One of my unbreakable rules when buying a used car is that I won’t buy anything without a full service history.
It’s quite simple: I’m not mechanical expert, but I know that modern cars are generally pretty reliable, if they are serviced correctly.
In my view, buying a car with a full service history is the simplest and most reliable way of reducing my chances of buying a lemon.
It’s not a sure thing — nothing is — but it definitely goes a long way. Owners who have taken the trouble to ensure their cars are serviced correctly and on schedule are also more likely to have looked after them in other ways, too, in my opinion.
So far, this approach has served me well — but until today, I didn’t realise how much of a used car’s value was tied up with its service history.
According to new research from Kiwk Fit, used car buyers expect an average discount of 20% if they buy a car with an incomplete service history.
The study reveals that an incomplete service record on a car could reduce its value by 19%. With the average used car now selling for £7,706, a fully stamped service book could be worth up to £1,464 to each used car seller and around £10 billion to the used car market annually.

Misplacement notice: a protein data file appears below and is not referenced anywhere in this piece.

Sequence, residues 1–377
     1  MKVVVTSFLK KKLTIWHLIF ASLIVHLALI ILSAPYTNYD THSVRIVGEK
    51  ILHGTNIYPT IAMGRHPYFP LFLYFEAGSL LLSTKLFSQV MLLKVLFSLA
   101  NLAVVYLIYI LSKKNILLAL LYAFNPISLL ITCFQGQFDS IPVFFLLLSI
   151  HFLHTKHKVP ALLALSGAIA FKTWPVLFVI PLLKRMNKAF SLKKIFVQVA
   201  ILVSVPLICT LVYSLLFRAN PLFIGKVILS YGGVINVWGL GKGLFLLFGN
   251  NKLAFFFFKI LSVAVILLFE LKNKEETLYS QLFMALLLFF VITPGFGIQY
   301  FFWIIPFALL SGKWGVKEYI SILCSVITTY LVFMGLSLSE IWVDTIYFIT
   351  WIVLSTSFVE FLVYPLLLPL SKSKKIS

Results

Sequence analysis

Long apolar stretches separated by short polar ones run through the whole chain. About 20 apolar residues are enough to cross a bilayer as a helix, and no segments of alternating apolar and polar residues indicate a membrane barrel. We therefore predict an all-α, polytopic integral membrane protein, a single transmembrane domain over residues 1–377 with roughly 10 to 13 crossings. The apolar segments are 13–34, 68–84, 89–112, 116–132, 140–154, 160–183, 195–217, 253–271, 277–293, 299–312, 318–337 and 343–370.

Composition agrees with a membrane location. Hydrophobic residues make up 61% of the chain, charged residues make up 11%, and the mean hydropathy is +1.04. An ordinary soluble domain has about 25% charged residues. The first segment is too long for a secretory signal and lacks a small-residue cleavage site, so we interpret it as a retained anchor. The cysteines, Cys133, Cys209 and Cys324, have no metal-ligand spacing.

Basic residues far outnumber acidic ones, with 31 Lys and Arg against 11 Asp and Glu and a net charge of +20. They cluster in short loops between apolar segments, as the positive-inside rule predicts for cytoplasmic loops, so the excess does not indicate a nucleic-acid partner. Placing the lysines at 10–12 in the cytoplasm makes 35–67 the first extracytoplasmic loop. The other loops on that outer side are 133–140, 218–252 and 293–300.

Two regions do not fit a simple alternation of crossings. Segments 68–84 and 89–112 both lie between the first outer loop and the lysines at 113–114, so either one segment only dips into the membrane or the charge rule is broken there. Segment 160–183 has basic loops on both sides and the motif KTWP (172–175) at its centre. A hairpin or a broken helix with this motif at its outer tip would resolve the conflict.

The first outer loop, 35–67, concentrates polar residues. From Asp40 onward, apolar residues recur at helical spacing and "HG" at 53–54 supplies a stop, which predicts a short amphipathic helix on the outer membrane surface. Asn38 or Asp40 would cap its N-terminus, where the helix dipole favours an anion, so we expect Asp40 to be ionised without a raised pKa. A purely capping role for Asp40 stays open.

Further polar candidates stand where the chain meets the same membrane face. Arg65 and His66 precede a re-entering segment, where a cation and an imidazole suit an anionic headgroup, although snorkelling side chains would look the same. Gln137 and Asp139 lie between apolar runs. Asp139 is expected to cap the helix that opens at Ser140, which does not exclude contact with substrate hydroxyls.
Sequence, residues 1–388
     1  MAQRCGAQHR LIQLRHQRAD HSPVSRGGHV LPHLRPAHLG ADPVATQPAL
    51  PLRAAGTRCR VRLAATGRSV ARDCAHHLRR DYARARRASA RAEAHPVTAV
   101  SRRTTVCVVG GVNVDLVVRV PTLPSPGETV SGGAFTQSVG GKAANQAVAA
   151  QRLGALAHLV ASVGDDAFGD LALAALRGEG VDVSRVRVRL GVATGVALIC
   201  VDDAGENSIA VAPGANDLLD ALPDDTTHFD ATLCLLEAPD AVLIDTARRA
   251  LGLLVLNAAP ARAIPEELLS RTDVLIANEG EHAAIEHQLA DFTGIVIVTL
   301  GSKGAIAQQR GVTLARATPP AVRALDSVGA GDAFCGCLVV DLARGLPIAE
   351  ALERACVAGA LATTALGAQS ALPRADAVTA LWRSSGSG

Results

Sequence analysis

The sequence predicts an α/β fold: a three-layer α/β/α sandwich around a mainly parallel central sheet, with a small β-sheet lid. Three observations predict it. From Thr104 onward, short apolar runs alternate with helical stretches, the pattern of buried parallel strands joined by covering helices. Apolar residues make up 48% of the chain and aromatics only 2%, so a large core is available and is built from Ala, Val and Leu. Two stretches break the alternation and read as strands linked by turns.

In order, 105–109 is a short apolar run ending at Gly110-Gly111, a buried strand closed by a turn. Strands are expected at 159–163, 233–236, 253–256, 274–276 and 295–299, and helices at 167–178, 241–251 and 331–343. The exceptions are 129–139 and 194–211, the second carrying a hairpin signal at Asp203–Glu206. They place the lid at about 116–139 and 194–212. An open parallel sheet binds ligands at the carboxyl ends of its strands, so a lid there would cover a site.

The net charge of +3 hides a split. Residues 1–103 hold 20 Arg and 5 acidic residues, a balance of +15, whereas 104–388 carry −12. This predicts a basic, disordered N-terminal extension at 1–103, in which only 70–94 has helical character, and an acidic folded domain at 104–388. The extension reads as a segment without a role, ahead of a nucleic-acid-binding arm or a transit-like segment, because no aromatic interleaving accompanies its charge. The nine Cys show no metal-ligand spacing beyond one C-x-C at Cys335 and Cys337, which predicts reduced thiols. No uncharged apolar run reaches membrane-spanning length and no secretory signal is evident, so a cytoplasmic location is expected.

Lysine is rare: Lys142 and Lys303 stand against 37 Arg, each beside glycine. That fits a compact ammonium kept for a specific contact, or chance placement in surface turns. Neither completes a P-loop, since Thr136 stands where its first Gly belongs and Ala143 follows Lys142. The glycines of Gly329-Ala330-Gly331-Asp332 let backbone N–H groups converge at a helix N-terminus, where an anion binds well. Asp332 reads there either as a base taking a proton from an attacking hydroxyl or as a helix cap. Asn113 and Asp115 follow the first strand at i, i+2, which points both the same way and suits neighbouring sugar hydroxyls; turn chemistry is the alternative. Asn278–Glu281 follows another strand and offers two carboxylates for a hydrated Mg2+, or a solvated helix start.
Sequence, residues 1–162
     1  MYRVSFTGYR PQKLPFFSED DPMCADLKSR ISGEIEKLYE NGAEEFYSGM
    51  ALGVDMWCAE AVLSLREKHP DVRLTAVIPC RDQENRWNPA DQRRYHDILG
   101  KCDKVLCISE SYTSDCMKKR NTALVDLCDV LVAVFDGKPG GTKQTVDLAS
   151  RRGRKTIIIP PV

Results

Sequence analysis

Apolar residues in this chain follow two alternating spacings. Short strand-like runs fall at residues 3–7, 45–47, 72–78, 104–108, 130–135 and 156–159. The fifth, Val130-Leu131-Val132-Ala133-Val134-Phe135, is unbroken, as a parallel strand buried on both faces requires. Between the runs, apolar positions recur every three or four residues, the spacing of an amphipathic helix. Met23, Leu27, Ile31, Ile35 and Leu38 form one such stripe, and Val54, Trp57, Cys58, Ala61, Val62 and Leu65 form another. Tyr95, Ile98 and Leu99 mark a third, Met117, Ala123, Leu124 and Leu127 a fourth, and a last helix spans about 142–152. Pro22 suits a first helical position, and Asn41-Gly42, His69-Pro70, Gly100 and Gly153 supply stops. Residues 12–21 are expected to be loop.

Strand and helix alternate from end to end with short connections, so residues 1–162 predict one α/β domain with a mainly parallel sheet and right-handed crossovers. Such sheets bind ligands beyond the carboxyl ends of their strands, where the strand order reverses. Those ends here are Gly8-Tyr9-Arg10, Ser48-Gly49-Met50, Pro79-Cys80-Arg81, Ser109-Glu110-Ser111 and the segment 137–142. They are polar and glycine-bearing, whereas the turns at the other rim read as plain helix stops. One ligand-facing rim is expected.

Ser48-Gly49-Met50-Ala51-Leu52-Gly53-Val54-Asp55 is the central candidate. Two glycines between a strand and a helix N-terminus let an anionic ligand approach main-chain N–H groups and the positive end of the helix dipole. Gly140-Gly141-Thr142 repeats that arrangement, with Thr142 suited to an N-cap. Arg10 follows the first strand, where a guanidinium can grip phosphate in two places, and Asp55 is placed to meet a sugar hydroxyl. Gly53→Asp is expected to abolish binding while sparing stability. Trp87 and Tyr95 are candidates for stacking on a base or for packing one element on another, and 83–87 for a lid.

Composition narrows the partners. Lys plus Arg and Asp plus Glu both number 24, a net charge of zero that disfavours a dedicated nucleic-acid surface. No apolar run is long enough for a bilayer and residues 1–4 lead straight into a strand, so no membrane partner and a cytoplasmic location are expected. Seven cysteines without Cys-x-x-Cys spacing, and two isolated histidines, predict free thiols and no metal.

Kwik Fit’s study also revealed that for almost half (45%) of all potential buyers — people like me — an incomplete service history is a deal breaker, as they will not even consider purchasing a vehicle without it.
Unsurprisingly, more mechanically-savvy and life-experienced older buyers place more value on a service history than younger drivers, with 57% of older drivers insisting on a ‘FSH’, compared to just 33% of buyers aged 18-24.
Roger Griggs, communications director at Kwik Fit, said:
“Car owners often skip services to save money but in the long run, this can end up being very costly. Not only does it reduce the vehicle’s value, it also makes the pool of potential buyers much smaller, making it harder to sell.
“Having a record that shows regular servicing gives prospective buyers confidence that a car has been well maintained, so even if you have one or two missing, frequent servicing is still important.”
Main dealer servicing is a somewhat divisive topic — you either think it’s an expensive rip-off, or an essential way of protecting your car’s value. In my view, I’d always have a car serviced at a main dealer while it’s under warranty, but once the manufacturer’s warranty expires, I’d usually use an independent — as I do currently.
When buying a used car, I’m happy to accept a service history from an independent garage after the first 2/3 years — but Kwik Fit found that only 37% of buyers agreed with this view, with the remainder placing more value on a full main dealer history.